Monday, December 8, 2014

Made for Pulp—It Came to Him in a Dream

This blog post exists exclusively because a friend posted on Facebook a nifty toy—a program to create your own old time lurid pulp magazine cover.  The opportunity was too great to pass up, even if the options were limited classic ray gun and rocket ship science fiction.  Not the best fit for the poem that immediately leapt to mind which seemed to cry out for the pulp treatment.
Here’s hoping that the folks at’s Pulp-O-Mizer soon add other classic pulp genres—gothic, mystery, western, adventure, romance, and the one I really needed, hard-boiled detective.
It was like trying to pound a square peg into the proverbial round hole to make the sci-fi theme fit the poem.  But it was too much fun to resist.  See the results above.
As for the poem, it actually did come to me in a dream, or at least the catch phrase “Beckon the Night.”  Quite early one morning I woke up suddenly with the phrase in my head and headed directly to the computer to pound out some verse, which subsequently underwent far less than usual editing and revising.
It was directly inspired by film noir—but that genre had its roots and got most of its stories from cheap detective pulp magazines.  The two forms were meant for each other.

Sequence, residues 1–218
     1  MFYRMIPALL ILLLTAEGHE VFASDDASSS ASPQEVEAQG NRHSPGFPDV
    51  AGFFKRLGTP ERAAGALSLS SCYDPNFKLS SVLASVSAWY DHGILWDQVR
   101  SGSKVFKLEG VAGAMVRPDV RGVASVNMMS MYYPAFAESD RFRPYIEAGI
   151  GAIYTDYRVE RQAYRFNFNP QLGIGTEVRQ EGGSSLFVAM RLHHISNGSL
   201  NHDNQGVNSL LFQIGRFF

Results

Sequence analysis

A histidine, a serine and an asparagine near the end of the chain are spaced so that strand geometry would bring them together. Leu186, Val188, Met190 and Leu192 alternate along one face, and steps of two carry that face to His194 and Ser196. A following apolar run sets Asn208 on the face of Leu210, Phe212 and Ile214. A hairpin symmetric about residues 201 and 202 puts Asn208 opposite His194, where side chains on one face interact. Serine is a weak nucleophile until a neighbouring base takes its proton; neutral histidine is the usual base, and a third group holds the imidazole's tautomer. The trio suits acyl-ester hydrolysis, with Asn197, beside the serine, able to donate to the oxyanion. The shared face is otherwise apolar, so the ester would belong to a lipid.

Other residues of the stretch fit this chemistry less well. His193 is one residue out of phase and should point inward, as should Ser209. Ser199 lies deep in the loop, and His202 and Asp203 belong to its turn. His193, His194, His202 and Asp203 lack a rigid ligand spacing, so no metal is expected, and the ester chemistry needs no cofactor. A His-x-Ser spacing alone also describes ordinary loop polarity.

It Came to Him in a Dream

“It came to him in a dream!”
The urgent, rumbling voice intones,
architectural letters scroll the screen—
            Beckon the Night.

This gift of Morpheus
sticking, as almost nothing ever does
when brought bolt upright
by an insistent alarm.

I’ll need a double shot
of Dashiell Hammett for this,
pulled from the second desk draw
next to the snub nose
poured into a greasy tumbler.

And a dame, gotta have a dame,
ash blonde and weeping
wreathed in Herbert Tareyton garlands.

A snap brim hat and trench coat,
’41 Ford Coupe headlights
to glimmer on wet pavement,
a bluesy cornet riff.

What else ya’ gonna do with
            Beckon  the Night?
Write a goddam fairy tale?

Patrick Murfin


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